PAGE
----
Owning an antique vehicle is not without its challenges. Many of these challenges are often presented with much hilarity, especially in retrospect.
My 1957 M606 Willys military Jeep is no exception to this. I am often smack in the middle of some hilarious adventure mostly due to its age, simple construction, and quirkiness. Everything you would come to expect in a 60 something year old piece of history.
I was working at the YMCA, and had brought the Jeep to work several times. It was always well loved by the children, as well as the staff members. Quite often during lunch breaks, I would drive staff members around in the woods, and amuse my campers.
One Friday evening, the staff had organised a drive-in movie at one of the only drive-in theatres in the Niagara Region.
The staff decided to invite me to accompany them at the drive-in for a movie called Cowboys & Aliens. I reluctantly accepted and agreed to pick a few of them up and join them.
Camp staff are not like regular staff. Camp staff are loud, fun loving, and slightly crazy. This is a job requirement, as working with children all day long requires immense amounts of energy, and a positive attitude that can hardly be described in words.
I arrived with a Jeep load of staff and several other staff vehicles in a convoy at the Drive-In theatre. I paid the exorbitant entry fee and was advised to turn my radio to a specific radio channel to hear the movie.
“Don’t drive-ins have speakers that clip to my windscreen?” I asked. The lady who took my money giggled and said “not for the last 25 years, sorry.” My Jeep was not equipped with any form of radio. It was a tool of the military. Such luxuries were not part of it’s make up.
I wasn’t sure how I was going to listen to the movie. I had hoped maybe I could park near one of my staff members and they could roll the window down.
As always, people took notice of the vehicle and watched it creep through the rows of vehicles. We rolled slowly through the parking lot, which was barely illuminated by the dim, 6 volt headlamps. I parked between several of the staff vehicles, and we had a good laugh about our predicament.
Commercials started to play, and I said to some of my staff “This windscreen is cramping my style” and had them help me put the windscreen down on the bonnet. It was a very freeing feeling. No doors, windows, roof, or windscreen. It was just like sitting on a platform with wheels.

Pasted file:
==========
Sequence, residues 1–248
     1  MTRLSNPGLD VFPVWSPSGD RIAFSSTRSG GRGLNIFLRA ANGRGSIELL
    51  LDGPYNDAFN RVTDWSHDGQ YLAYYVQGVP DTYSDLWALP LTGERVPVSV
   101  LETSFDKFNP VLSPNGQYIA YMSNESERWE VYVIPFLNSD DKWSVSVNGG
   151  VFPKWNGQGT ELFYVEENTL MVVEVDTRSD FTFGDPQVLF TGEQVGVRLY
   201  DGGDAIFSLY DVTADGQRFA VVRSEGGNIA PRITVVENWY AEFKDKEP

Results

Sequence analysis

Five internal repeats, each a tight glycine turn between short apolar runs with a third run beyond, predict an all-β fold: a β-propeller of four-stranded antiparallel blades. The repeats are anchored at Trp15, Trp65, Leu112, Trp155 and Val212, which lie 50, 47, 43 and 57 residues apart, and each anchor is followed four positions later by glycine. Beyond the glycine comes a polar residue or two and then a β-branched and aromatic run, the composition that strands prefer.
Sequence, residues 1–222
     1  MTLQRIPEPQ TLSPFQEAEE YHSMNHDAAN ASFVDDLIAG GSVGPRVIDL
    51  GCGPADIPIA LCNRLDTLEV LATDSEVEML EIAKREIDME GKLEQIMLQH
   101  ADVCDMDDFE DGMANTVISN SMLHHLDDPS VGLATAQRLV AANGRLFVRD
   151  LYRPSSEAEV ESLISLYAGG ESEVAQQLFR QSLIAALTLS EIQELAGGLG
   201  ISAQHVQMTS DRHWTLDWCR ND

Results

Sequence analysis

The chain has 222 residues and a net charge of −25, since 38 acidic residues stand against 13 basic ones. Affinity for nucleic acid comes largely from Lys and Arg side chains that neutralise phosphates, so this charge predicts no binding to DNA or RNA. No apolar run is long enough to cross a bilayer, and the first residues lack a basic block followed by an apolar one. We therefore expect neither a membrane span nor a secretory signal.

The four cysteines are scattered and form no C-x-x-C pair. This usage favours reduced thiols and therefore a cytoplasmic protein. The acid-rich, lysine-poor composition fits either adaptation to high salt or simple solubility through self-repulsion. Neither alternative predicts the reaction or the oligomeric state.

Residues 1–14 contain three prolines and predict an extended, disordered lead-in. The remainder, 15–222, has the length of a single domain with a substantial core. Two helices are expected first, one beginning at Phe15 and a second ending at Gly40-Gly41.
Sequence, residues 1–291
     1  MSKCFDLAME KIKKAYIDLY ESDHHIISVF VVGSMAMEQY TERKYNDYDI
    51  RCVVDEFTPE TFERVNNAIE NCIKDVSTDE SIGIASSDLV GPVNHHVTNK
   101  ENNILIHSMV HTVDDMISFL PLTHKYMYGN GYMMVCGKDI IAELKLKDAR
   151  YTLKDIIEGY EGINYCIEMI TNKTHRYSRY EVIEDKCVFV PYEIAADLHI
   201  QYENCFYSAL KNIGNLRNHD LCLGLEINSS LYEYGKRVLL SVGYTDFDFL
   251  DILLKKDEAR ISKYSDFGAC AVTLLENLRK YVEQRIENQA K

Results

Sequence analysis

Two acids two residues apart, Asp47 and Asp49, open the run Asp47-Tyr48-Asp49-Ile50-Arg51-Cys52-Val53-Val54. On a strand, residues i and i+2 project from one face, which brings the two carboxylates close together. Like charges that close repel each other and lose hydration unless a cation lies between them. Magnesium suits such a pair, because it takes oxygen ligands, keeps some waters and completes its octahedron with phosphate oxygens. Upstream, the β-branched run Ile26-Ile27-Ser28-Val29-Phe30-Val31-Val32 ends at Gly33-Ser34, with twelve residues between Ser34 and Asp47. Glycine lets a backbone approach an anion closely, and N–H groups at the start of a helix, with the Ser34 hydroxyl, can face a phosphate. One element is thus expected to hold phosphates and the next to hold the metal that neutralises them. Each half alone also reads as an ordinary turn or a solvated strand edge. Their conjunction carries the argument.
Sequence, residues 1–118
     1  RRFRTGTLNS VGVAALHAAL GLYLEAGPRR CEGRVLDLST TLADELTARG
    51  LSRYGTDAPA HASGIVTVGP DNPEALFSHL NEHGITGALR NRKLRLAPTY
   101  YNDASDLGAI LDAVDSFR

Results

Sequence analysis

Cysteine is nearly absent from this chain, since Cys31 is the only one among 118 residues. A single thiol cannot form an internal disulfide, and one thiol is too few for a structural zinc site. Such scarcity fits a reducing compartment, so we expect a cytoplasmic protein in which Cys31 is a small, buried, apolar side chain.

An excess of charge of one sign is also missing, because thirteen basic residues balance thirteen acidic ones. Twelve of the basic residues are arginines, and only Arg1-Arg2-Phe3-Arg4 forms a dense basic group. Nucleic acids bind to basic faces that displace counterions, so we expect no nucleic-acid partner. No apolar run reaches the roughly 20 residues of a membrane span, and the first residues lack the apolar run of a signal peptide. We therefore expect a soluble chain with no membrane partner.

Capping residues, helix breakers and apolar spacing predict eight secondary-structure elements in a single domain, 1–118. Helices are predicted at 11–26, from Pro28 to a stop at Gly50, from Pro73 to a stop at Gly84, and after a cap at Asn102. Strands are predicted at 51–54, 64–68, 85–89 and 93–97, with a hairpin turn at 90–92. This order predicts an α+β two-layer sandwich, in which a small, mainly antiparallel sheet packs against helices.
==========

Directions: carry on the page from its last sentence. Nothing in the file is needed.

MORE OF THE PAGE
Thinking about being unable to hear the movie I asked one of the staff to move so I could search the glove box. The glove box in my Jeep was located under the passenger seat. The passenger seat must be flipped up to access it. Inside I found a survival radio.
A hand-cranked, AM/FM Survival Radio made by ETON. The ETON Microlink 160 Survival radio had an LED torch, solar panel, crank handle and included AM/FM as well as weather band receiver.
I turned it on and tuned it to the station the movie was being broadcast on. We could now all hear the movie through the small radio.
During the movie, the open Jeep allowed any of the surroundings to easily waft through. Anything.
At one point I could smell a very distinct, earthy smell waft in our direction. Alex, one of the most animated, and amazing staff members started to sniff repeatedly.
“I smell pot!” he said in a loud voice. Everyone in the Jeep started giggling and shushing him.
Alex stood up and yelled at the top of his voice “Hey, who’s smoking the gange! I can smell it over here!”
We could not contain our laughter, nor could any of the other staff members in nearby cars. Our laughter was replaced by more shushing.
About ½ way through the movie the sound started to crackle. The radio battery was dying. I grabbed the radio and started to spin the crank handle and the sound got louder. Unfortunately the radio used up as much power as I could crank out, and it would not charge the battery. For the next while, I spun the crank handle so my 3 staff members could hear the movie.
Alex volunteered to spin the crank handle for a while, and I passed it off to him. Somehow, when he grabbed the radio from me, he pushed the button from FM to Weather band.
During a quiet scene in the movie, the entire area started blaring “weather conditions for the Regional Municipality of Niagara”. I snapped my head over to Alex as his wide eyes were fixed on the radio, trembling and twitching to try and see which button he pushed. I quickly pushed the button back to FM, and we all laughed.
Unfortunately the movie was quite boring. Perhaps it was our mind-set, or because we could not hear it properly with the hand-cranked radio, or perhaps our tomfoolery was more amusing than the movie itself.
Alex’s mind started wandering and he glanced over at one of the other screens and yelled out “They’re playing Captain America, and there’s a Jeep like this one!” which was followed by giggling and significant shushing by myself and several people.
The movie ended, and we were free of the burden of the hand-cranked radio, and I had one more hurdle for the evening.
Although the Jeep is a tool of war, it is an ancient tool of war. As such, I am never 100% sure it will be willing to start when asked. I explained this to my staff, and everyone said they would be happy to push it if necessary. With baited breath, I turned the key. Thankfully it started after just a few cranks.
I popped the Jeep into gear and decided I was going to show off a little to my staff. I drove the jeep across all the large dirt berms which separated the different movie screens. They all loved it.
Leaving the drive-in, I dropped off my staff members and headed home for the night. Another hilarious adventure in the Willys Jeep.